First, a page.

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Finance & Investment
Beyond Integrated Reporting:
Multicapital Accounting of Integral Data

Part Five in a 10-Part Series by Reporting 3.0. See previous parts below. The 2013 launch of the Integrated Reporting <IR> Framework from the International Integrated Reporting Council (IIRC) swung a double-edged sword through the disclosure field:

Part Five in a 10-Part Series by Reporting 3.0. See previous parts below.

The 2013 launch of the Integrated Reporting <IR> Framework from the International Integrated Reporting Council (IIRC) swung a double-edged sword through the disclosure field:

  • Helpfully, one side carved a space to firmly establish the integration of the multiple capitals (natural, social, human, financial, etc) into corporate disclosure;
  • Problematically, the other side sliced the carrying capacities of capitals (which measure sufficient resource levels needed for their preservation) out of the viewfinder.

This conundrum is one among several confounding delivery on the redemptive promise of multicapital integrated reporting. The Reporting 3.0 Data Blueprint documents several of these shortcomings in its fourth chapter, which is focused on Integration.

Integration & the Limits of <IR>

In addition to the limits of <IR>, the chapter addresses problems around valuation (or monetization) and aggregation, using the Crown Estate’s Total Contribution and KPMG’s True Value multicapital accounting methodologies as examples. Ultimately, the chapter calls for advancing from Integrated Data (with its documented shortcomings) to Integral Data, which takes a more holistic and comprehensive approach.

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First, we appealed again to our “bible,” Dana Meadows’ 1998 report, Indicators and Information Systems for Sustainable Development, as well as her 1999 essay, Leverage Points: Places to Intervene in a System, to identify four key elements of truly integrated data:

  • Multicapital-based;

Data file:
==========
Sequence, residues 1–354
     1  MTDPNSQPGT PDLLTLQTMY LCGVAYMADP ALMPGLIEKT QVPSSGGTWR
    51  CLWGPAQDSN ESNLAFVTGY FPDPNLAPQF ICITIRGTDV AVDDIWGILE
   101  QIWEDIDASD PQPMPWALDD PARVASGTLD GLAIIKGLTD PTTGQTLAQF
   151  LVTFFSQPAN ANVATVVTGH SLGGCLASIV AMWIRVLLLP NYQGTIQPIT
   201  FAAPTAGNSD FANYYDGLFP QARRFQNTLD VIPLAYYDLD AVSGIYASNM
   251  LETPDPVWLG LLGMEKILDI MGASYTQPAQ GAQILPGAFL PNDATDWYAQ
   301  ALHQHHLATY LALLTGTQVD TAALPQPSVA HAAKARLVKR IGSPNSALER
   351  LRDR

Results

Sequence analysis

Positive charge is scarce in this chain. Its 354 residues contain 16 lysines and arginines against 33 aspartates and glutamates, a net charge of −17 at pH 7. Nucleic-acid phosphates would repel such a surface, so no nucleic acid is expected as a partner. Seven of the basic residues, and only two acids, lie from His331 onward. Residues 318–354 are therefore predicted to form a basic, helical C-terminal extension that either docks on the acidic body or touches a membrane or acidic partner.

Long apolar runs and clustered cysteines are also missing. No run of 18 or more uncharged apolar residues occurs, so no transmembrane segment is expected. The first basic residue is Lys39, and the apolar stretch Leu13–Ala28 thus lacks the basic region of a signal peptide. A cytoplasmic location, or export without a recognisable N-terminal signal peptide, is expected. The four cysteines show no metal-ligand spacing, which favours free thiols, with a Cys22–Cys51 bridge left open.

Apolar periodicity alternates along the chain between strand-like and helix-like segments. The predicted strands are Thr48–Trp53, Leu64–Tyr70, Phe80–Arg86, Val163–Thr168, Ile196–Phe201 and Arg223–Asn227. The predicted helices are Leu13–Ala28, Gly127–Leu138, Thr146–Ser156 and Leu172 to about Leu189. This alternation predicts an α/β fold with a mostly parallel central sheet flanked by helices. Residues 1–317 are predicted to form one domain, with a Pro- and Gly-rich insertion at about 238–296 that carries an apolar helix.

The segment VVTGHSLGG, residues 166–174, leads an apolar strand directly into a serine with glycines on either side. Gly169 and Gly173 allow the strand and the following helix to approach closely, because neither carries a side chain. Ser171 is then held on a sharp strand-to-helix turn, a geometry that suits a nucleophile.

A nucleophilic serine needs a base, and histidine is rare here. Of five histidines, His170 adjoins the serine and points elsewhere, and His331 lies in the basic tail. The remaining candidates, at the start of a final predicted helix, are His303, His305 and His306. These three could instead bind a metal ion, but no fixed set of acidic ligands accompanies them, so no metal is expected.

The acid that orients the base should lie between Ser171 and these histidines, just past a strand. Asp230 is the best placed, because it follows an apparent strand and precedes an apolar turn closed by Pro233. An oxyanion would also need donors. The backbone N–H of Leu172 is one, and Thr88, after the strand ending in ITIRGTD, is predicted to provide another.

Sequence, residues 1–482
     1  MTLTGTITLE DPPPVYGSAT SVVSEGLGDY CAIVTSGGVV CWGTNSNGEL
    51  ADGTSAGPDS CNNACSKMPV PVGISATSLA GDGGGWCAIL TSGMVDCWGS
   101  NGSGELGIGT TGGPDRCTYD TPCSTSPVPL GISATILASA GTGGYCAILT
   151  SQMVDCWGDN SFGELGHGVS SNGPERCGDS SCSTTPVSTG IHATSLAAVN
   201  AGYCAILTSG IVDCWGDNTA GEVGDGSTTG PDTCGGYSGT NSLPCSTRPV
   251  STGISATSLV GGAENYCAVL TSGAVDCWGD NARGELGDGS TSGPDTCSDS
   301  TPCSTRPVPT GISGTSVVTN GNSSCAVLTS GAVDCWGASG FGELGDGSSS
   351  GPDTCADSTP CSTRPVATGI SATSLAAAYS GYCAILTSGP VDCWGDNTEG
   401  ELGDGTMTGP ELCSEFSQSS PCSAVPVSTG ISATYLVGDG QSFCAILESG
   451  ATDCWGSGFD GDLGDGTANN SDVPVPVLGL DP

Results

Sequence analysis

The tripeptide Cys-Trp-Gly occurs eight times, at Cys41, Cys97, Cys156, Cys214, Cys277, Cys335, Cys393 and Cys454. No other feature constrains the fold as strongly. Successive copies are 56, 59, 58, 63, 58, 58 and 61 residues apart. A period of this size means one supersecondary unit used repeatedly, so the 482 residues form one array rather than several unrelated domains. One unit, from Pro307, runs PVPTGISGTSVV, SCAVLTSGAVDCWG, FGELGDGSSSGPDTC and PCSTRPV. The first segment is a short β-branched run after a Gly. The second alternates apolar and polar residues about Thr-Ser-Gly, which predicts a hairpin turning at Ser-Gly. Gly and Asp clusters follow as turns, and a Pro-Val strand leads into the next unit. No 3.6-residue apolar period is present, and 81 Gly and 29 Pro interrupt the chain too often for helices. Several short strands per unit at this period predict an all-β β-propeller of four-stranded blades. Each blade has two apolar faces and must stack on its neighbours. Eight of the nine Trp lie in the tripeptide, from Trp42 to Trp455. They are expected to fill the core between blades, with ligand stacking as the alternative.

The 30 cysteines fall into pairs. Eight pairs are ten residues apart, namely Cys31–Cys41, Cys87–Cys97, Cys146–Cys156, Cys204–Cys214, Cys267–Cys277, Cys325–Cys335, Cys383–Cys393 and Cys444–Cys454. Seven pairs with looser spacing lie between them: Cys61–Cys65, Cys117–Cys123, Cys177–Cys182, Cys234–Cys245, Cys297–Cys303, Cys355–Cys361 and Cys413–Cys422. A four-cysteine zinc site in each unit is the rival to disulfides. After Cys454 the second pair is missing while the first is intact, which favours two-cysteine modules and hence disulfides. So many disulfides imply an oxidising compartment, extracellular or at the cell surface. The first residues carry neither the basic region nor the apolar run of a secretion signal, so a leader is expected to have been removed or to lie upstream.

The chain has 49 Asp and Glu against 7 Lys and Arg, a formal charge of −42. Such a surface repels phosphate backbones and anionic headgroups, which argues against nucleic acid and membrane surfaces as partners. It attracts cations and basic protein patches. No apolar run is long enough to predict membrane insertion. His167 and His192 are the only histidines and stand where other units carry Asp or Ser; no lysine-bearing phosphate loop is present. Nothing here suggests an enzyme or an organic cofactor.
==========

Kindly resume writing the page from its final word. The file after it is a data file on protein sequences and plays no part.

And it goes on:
• Context-based;
  • Mindset- and paradigm-shifting;
  • Wellbeing creating.

<IR> hits the first and third bullets square on, as it embraces the multiple capitals and calls for integrated thinking, which aligns with Dana’s top 2 (of 12) leverage points. Unfortunately, <IR> falls short of embracing the GRI Principle of Sustainability Context, which calls for linking company impacts to the systems they operate in; and by extension, it doesn’t attend to stakeholder wellbeing, which requires maintenance of the carrying capacities of the vital capitals they rely on.

Contextualizing the Capitals

These same issues apply to Total Contribution, leading Crown Estate Head of Stewardship & Sustainability Claudine Blamey (who serves on the Reporting 3.0 Steering Board) to state:

“The Crown Estate fully acknowledges that our Total Contribution methodology continues to be a work in progress, intended not only for our purposes but also for use by others to enable consistency and comparability. A logical next step for Total Contribution is to integrate context, taking into account the carrying capacities of the capitals. Reporting impact on all the capitals that an organization relies on makes complete sense and I believe we will see more of this happening in the near future, spurred in part by Reporting 3.0, which is providing the platform for this movement to take place faster.”

Shortcoming 1: Monetization

The Data Blueprint adds KPMG’s True Value methodology to its scope of inquiry to explore two other issues: valuation (or monetization) and aggregation. Both Total Contribution and True Value use monetization as a “commonalizing” tool, enabling comparison of impacts on diverse capitals by using a common measuring stick: namely, monetary value. While this is a perfectly valid concept, it falls short of assigning value in relation to the key variable for capitals: respect for their carrying capacities. As a Recommendation for next-generation practice, the Blueprint appeals to Mark McElroy’s Monetization Cost Curves, which raise the “price” of capitals, as they near their carrying capacity, to become prohibitively expensive, in order to discourage overshoot.